Advocates argue that telehealth is poised to bend the cost curve by improving treatment adherence particularly for those with chronic conditions, boosting access and reducing utilization of more expensive care settings.
"Telehealth can reduce utilization of the ER, which is high cost," said Fair Health President Robin Gelburd. It also may comfort people, knowing they have a more convenient and affordable option, she added.
But notably, telehealth outside of the hospital is still only being used on average 1 out of every 1,000 visits, or 0.104% of all medical claims, looking at Fair Health's raw data. Use is rapidly expanding but it started from an extremely low baseline of 0.007% in 2014.
Telehealth overall grew 624% from 0.0192% of all commercial insurance claims in 2014 to 0.1394% in 2018. The most common recipients of telehealth services were individuals ages 31 to 40 and nearly two-thirds were female.
"What that age cohort is showing is that telehealth is really becoming part of the front lines of primary care," Gelburd said. "And telehealth is providing a means of access to care that may be challenging for someone who may be working full time."
The top three reasons individuals sought treatment from a provider via non-hospital-based telehealth were acute upper respiratory infections, mood disorders, and anxiety and other nonpsychotic mental disorders.
"It is sometimes challenging to get behavioral health services to as many patients as would benefit from them," Darrow said. "Being able to bring down barriers to access associated with transportation becomes really valuable."
Drilling down into telehealth that's used after patients were discharged to monitor treatment adherence, for instance, shows most claims were for individuals age 51 and older.
The most common condition associated with patients who visited a provider in-person within 15 days of a telehealth session was heart failure.
For initial valuations, Darrow said he prefers to examine someone in person so he can feel a pulse, listen to the heart and form a connection. But for follow-ups, if the cardiologist needs to check in to potentially adjust medication for high cholesterol or blood pressure and ensure they are using an at-home blood pressure machine correctly, a virtual consultation is often a viable and more convenient option, he said.
"That would be a use case where the value of a patient spending 45 minutes on a subway and 20 minutes in the waiting room so they can spend six minutes in the office talking to me is somewhat limited," Darrow said.
For primary-care physicians, Darrow said, it may be entirely suitable to connect via video to check out a rash and determine whether an in-person visit is necessary. Likewise for a surgeon, a follow-up shortly after a patient is discharged might be appropriate to do by video if someone is having an uncomplicated recovery, he said.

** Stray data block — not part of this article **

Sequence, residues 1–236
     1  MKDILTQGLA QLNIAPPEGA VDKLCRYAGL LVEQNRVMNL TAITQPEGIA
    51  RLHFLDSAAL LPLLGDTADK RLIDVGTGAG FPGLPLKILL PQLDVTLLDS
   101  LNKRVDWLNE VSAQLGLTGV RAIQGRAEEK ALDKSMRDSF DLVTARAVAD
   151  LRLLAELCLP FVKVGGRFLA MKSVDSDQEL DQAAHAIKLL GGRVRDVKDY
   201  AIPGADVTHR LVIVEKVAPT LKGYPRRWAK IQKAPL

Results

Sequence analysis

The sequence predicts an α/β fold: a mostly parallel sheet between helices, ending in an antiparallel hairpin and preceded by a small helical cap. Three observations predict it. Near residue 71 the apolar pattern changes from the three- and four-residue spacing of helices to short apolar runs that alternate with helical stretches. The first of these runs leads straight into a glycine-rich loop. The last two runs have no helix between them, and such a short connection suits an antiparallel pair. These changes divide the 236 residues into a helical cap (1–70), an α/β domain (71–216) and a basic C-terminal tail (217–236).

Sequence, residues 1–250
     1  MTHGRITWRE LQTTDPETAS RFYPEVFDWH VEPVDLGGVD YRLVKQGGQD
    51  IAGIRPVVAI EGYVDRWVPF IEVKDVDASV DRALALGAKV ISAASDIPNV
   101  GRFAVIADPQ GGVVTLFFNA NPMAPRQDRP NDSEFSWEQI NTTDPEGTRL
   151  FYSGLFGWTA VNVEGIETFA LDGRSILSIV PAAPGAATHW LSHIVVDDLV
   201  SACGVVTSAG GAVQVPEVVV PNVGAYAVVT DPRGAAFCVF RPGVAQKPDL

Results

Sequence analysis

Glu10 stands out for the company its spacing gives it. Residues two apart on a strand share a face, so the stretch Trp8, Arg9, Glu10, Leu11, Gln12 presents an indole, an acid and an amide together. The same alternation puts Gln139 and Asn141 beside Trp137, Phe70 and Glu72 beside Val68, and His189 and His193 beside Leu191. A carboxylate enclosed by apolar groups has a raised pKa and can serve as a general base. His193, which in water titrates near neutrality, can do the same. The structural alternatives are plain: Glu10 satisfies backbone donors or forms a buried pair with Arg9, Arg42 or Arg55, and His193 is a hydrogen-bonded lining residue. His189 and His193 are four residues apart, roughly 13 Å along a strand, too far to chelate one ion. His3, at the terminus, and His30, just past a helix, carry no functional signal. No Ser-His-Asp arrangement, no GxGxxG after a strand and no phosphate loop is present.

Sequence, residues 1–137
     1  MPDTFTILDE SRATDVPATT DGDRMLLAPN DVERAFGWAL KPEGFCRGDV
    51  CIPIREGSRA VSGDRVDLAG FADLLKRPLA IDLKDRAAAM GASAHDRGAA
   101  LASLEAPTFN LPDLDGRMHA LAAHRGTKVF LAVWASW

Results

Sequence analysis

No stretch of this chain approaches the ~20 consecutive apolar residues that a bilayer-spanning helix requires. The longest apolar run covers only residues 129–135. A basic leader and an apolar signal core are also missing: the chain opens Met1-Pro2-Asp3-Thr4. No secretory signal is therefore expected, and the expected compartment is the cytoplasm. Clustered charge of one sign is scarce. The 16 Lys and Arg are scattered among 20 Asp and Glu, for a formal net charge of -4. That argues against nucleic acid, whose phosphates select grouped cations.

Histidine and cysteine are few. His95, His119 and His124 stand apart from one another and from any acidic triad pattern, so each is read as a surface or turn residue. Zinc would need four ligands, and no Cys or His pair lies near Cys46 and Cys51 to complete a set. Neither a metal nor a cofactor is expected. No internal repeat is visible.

Mount Sinai also digitally consults with other providers, Darrow added, although that practice is not widely utilized across the country, according to Fair Health data.
Meanwhile, both federal and state governments continue to loosen telehealth reimbursement restrictions.
"Medicare is starting to recognize the importance of telehealth as are health plans that are including telehealth providers in their network," Gelburd said. "In addition to the technical means to allow these exchanges, the challenges are how do you ensure telehealth encounters are integrated into the total healthcare model to optimize efficiency and reduce redundancies."
Forty states and Washington, D.C., have adopted substantive policies to expand telehealth coverage and reimbursement since 2017, a related study from the American Telemedicine Association found. Meanwhile, 36 states and D.C. have parity policies that require commercial insurers to cover telehealth and 21 states and D.C. have coverage parity policies for Medicaid. But only 16 states mandate that insurers' payments match in-person visits compared with 28 states for Medicaid.
Parity laws are an important step in the right direction, but not the full answer, Darrow said. Parity laws say that the insurer has to pay for a telehealth visit, but it doesn't say it has to pay all providers that offer one, he said.
"Insurers can decide how narrow they want their coverage networks," Darrow said. "The more agreement there is between what services are covered and who covers them between Medicare and Medicaid and commercial insurance, the simpler it will be for doctors to provide this service and for patients to get this service."